Realistically I don’t think lunges are necessary. Don’t get cute. Work on the fundamentals. Get to work and update me on your progress.
Eli W. asks,
I dont know if its Q&A friday worthy, but do you have any suggestions on a program that incorporates the 3 big lifts along with Oly lifting? I train 4 times a week and just add the lifts in whenever I have time but I feel like I need more structure to actually progress the lifts.
I do. This was the original template I was playing around with back in 2009 in my training. There are some updates I would make to it now (and I intend to release a .pdf eventually), but it’s mostly the same.
Monday — LT or MED Snatch, HVY Clean and Jerk
Tuesday — Squat, Press, RDLs
Wednesday — OFF
Thursday — HVY Snatch, LT or MED Clean and Jerk
Friday — Squat, Press, DL or heavy pull, Weighted pull-ups or chin-ups
I’m not a huge fan of heavy deadlifting in an Oly program, so this is more “novice focused” template. The light or medium Oly work can be timed (snatching on the minute, CJing on 90 seconds to two minutes) and staying at the same weight (perhaps about 75 to 80% of max, or hypothetical max) for about ten singles with the intent of not missing. For someone wanting to focus on Oly stuff, it would kind of depend on their strength and establishes musculature, but I’d prefer to have a 3x/week template that has SN/CJ each day, with fluctuating intensities (so it’s not maximal every day). I’d drop in squatting, pressing, or posterior chain work relative to the lifter (squatting would always be there).
If someone just wanted to work the lifts along with their strength or S&C program, they could throw in one of the lifts at the beginning of their training session.
Remember the priority continuum of:
Explosive lifts > Strength Lifts > Compound assistance > Isolation assistance
If you aim to compete in weightlifting, I suggest focusing on an Oly-centric template for 4 to 8 weeks. If you end up not enjoying it, it’s easy to shift your training focus after.
Adam W. asks,
Hey Justin how high is the effective heel in the VS shoes, over an inch for sure? I have fucking atrocious ankle flexibility that is killing my squat technique, even with a 0.75″ heel. I’m losing extension for depth because of the chain reaction of bullshit stemming from the ankles. My squats are fucking beautiful if I’m wearing my heeled shoes AND elevating my heels on 3/4″ rubber but that is gay. Not sure what to do while I work on improving my mobility.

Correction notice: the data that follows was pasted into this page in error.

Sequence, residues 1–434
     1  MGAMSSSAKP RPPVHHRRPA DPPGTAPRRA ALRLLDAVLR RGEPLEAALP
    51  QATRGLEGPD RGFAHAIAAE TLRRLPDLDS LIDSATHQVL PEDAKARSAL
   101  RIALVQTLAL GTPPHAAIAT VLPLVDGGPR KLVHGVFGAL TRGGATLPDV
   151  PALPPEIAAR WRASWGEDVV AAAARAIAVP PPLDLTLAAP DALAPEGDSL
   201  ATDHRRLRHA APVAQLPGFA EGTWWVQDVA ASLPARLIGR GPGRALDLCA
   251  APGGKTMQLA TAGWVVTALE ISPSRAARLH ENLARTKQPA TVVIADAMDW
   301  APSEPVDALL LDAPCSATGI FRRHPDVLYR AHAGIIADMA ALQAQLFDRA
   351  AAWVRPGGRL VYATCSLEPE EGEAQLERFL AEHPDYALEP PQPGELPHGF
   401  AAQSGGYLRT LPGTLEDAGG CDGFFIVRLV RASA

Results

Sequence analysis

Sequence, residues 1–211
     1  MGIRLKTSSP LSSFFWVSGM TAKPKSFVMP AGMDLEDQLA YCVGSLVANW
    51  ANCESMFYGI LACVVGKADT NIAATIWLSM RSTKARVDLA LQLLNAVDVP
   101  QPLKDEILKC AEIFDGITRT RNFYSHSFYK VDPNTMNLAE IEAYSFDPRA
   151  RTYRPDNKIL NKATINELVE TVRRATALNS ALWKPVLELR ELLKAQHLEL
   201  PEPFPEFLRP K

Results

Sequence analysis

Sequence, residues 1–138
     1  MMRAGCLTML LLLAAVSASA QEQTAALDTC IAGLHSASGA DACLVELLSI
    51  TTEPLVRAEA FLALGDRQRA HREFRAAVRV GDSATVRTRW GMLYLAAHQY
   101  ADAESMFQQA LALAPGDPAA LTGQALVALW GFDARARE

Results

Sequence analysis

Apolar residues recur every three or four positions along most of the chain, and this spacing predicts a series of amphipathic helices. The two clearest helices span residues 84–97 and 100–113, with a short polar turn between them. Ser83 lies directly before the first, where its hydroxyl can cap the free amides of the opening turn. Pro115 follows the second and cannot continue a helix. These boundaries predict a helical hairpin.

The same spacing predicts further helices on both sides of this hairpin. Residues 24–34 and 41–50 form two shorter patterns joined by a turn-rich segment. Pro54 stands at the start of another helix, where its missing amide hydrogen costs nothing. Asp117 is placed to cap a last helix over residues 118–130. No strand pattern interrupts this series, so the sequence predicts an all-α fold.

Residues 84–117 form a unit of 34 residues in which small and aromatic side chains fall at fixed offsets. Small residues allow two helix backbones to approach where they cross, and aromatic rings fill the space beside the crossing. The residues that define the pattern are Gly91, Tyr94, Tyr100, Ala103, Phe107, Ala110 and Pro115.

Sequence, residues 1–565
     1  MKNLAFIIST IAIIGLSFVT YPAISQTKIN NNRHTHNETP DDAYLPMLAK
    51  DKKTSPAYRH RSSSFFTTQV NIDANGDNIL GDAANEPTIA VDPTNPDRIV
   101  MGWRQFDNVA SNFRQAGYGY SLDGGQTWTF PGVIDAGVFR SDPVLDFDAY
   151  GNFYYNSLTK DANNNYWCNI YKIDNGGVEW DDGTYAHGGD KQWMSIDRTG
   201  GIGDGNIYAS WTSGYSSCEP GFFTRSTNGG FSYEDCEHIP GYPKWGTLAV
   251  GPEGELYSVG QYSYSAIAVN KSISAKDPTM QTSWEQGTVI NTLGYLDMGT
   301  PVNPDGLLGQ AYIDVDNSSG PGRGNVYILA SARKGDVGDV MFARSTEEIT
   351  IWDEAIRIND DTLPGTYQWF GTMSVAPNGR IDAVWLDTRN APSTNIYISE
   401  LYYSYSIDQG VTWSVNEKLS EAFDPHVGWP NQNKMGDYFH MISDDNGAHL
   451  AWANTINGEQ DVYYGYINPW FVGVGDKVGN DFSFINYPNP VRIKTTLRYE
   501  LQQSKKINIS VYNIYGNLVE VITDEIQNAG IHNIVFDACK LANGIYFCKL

Here’s a video showing it.
First, I hope your ego is intact from the lashing Marotta gave you in the Fan Page thread about this. Second, I apologize it took this long to answer; there wasn’t a Q&A last week due to posts about the Arnold. Third, you have the shittiest ankle mobility of anyone ever.
First thing you need to do is to mob them daily with anterior and posterior band distraction. I can’t find the video I wanted to show you, but I have two examples of the technique: one and two. Both of these videos include a “super friend”, but having help from someone isn’t necessary. By the way, for everyone else, this is the specific ankle work that can reduce the tension on the knee and even alleviate posterior (rear) knee pain. Adam, regardless of the band distraction (anterior or posterior), think about getting as much dorsiflexion as possible (pushing shin to toes). Aside from that, work on getting the shin ankle lateral with respect to the ankle (the same that occurs when the knees are shoved out). If the inside of your foot lifts up while you are trying to push the shin laterally, then hold your foot or shoe down with your other hand and go to the end ROM your ankle allows. Spend at LEAST one minute on each direction for each ankle EVERY DAY.
You should be able to low bar squat with limited ankle flexibility (since low bar positioning doesn’t require much dorsi flexion). Also note that your lumbar flexibility is non-existent. You, specifically, need to work on your anterior hip (banded anterior distraction to start, couch stretch to finish), lateral hip (roll slowly on lacrosse ball for 2 minutes each side prior to squatting), as well as your lumbar and thoracic spine (thoracic spine can be hit decently with “5 way shoulder” and double lacrosse ball while supine). Stop using the extra rubber to squat. Hit these mobs before squatting. Test/re-test. Do it daily. Update me on your progress.